Food and Beverage News and Trends

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Food and Beverage News and Trends Series

Food and Beverage News and Trends

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This regular publication by DLA Piper lawyers focuses on helping clients navigate the ever-changing business, legal and regulatory landscape.

  • FDA continues some crucial food surveillance tasks during shutdown. As the partial federal government shutdown enters its second month, Scott Gottlieb, commissioner of the Food and Drug Administration, wrote on Twitter on January 22 that the FDA's employees, working without pay, are continuing to conduct several crucial food-related missions: high-risk domestic food surveillance inspections, foodborne illness surveillance and outbreak investigations, execution of high-risk food recalls, inspection of foreign food facilities and sampling of imported food samples. Gottlieb was attempting to reassure the public that food safety would not go by the wayside during the shutdown. Numerous industry stakeholders are expressing concern about the shutdown and calling for more FDA action. Lettuce industry leaders told the Washington Post January 15 that they want the agency back on the job to inspect the product. The watchdog group Alliance for A Stronger FDA has warned that the shutdown may harm the agency's effectiveness in the long run. On January 17, Commissioner Gottlieb tweeted photos of "unpaid" inspectors at work in the agency's Philadelphia lab, talked about the many hardships our people are overcoming right now" and concluded: "I highly value each and every one of you, the institution depends on all of you. See his January 17 tweet thread here.
  • Government shutdown hamstrings craft brewers' expansion plans. The closure of the Alcohol and Tobacco Tax and Trade Bureau in the government shutdown means that craft brewers have been unable to introduce new beers because there is no way to obtain federal approval for new labels. "We release new beers every other week," Laura Dierks, CEO and founder of Interboro Spirits and Ales of Brooklyn, told Business Insider. "Right now, we're looking at not being to sell certain beer in February because of this." This problem will affect any possible sales that her company or other craft brewers may wish to make out of state involving products whose labels have not been approved by the TTB.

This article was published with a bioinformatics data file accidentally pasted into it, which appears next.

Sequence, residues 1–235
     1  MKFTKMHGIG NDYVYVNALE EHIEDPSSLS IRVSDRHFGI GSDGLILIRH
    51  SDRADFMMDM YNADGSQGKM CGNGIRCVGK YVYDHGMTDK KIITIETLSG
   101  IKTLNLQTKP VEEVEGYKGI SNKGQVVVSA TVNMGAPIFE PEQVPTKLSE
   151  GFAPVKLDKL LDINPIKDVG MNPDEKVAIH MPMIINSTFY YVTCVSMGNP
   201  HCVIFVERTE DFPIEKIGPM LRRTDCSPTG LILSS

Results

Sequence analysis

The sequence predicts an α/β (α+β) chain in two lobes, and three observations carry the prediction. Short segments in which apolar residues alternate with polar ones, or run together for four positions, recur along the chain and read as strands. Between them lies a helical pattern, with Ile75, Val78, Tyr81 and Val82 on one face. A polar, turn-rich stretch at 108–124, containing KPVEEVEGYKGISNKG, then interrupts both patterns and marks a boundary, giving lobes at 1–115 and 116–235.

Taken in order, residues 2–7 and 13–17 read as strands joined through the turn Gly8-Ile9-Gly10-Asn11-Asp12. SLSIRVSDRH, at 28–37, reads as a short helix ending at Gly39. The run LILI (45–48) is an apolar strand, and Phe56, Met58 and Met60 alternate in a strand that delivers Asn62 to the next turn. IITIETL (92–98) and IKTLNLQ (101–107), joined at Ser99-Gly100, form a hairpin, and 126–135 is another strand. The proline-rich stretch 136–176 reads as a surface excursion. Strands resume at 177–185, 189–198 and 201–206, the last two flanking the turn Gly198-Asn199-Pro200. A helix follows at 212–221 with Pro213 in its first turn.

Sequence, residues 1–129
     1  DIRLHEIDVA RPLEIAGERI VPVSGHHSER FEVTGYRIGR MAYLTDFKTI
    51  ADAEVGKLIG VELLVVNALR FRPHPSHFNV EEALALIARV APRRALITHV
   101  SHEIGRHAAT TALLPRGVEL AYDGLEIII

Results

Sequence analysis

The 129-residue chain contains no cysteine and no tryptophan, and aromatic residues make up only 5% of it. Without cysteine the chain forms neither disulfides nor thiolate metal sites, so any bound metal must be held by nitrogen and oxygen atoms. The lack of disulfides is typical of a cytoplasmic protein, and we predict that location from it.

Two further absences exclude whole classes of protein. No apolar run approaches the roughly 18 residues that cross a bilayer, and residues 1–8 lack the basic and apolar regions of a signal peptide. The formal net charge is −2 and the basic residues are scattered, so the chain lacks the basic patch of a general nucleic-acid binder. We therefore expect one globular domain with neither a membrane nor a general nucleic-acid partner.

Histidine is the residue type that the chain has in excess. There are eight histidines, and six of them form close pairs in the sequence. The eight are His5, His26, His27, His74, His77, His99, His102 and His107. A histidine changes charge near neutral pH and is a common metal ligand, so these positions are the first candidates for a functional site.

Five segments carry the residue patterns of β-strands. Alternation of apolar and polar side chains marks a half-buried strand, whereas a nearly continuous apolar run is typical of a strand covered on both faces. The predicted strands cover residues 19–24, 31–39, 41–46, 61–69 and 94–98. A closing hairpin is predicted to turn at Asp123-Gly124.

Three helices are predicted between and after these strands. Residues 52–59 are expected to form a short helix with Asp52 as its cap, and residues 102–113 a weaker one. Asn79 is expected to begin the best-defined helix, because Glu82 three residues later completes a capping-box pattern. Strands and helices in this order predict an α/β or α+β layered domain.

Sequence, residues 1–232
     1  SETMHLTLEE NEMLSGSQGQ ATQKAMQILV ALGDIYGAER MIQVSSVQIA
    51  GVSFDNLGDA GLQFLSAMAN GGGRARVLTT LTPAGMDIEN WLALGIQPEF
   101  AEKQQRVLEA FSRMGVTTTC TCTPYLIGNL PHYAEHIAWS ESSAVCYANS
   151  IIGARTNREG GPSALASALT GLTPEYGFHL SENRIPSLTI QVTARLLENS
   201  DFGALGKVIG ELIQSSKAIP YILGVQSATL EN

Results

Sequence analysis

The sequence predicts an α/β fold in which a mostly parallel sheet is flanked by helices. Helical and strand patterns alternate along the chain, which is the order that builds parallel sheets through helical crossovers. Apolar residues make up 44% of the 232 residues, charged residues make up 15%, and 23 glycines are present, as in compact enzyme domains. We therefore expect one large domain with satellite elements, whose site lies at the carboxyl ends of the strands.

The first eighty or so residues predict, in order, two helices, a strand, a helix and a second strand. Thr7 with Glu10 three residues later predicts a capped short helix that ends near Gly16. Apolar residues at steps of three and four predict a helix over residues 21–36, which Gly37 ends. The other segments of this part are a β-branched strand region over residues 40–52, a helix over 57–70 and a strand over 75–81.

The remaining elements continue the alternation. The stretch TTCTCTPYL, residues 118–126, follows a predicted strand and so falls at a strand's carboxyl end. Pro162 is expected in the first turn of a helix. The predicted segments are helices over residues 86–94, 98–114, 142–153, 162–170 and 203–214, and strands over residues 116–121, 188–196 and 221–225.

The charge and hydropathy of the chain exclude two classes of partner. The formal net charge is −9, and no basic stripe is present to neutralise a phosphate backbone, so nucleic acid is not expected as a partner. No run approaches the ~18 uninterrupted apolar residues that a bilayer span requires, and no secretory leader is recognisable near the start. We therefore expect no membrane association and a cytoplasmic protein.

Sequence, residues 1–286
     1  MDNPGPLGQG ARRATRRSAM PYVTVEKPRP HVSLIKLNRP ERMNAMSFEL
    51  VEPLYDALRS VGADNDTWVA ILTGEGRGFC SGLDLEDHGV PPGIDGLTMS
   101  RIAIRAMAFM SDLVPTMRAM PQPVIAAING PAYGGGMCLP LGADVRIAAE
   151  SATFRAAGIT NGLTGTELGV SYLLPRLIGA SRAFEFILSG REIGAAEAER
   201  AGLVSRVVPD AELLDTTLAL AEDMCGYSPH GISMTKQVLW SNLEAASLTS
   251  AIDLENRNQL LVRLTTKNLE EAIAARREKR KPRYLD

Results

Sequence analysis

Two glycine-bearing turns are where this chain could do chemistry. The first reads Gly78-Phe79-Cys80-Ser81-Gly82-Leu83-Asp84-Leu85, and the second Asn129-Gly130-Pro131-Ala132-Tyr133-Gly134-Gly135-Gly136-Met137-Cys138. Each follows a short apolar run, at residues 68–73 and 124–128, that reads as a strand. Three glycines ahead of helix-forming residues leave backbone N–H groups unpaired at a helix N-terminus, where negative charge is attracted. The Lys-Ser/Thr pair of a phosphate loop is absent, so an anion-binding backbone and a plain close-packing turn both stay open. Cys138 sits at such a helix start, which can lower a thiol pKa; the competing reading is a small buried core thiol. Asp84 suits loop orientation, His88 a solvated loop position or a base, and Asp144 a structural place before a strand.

• FDA says major companies have reneged on promises regarding youth and e-cigarettes. On January 4, The New York Times reported that FDA Commissioner Scott Gottlieb plans to accuse Juul, the e-cigarette maker, and Altria, a leading cigarette company that has bought a stake in Juul, of reneging on their promises to take steps to keep e-cigarettes away from minors. Gottlieb is drafting letters to the companies that will criticize them for publicly pledging to remove nicotine flavor pods from store shelves, while at the same time negotiating the financial partnership between the two companies that seems to do the opposite. Under the agreement between Juul and Altria, Juul will have access to 230,000 retail outlets where Marlboro cigarettes and other Altria products are sold. Gottlieb said he will summon top executives of the companies to FDA headquarters to discuss this issue. Last year, the FDA threatened to take e-cigarettes off the market if manufacturers did not act to keep them away from minors. See some of our earlier reporting on this story.
  • Impossible Foods reformulates burger, says FDA petition will not delay retail launch. On January 8, Food Navigator magazine reported that Impossible Foods, which makes the vegan Impossible Burger, has reformulated the product to include soy protein concentrate rather than wheat protein and thus has become a gluten-free product. The company has filed a petition with the FDA to permit the use of leghemoglobin, a key ingredient in the burger, as a color additive. A spokeswoman for the company said the FDA petition is not expected to delay the launch of the product in retail stores, which is set for later this year. The Impossible Burger is already sold at about 5,000 restaurants across the country.
  • Will meat-substitute companies pull their products out of Missouri? On New Year's Day, the Missouri Meat Advertising Law went into effect, prohibiting manufacturers of plant-based meat-like products from using the term "meat" on food labels or advertising in the state.The law already faces a federal court challenge on constitutional grounds from the company that makes Tofurky, joined by the Animal Legal Defense Fund, the ACLU and the Good Food Institute. As the suit moves ahead, the question is whether those products will continue to be sold in Missouri at this time.Jaime Athos, CEO of Oregon-based Tofurky, is considering withdrawing Tofurky products from Missouri stores. In contrast, Ethan Brown, CEO of Beyond Meat – which in July tripled its production capabilities when it opened a new plant in Columbia, Missouri – has said the company will continue selling its plant-based products in Missouri despite the criminal statute.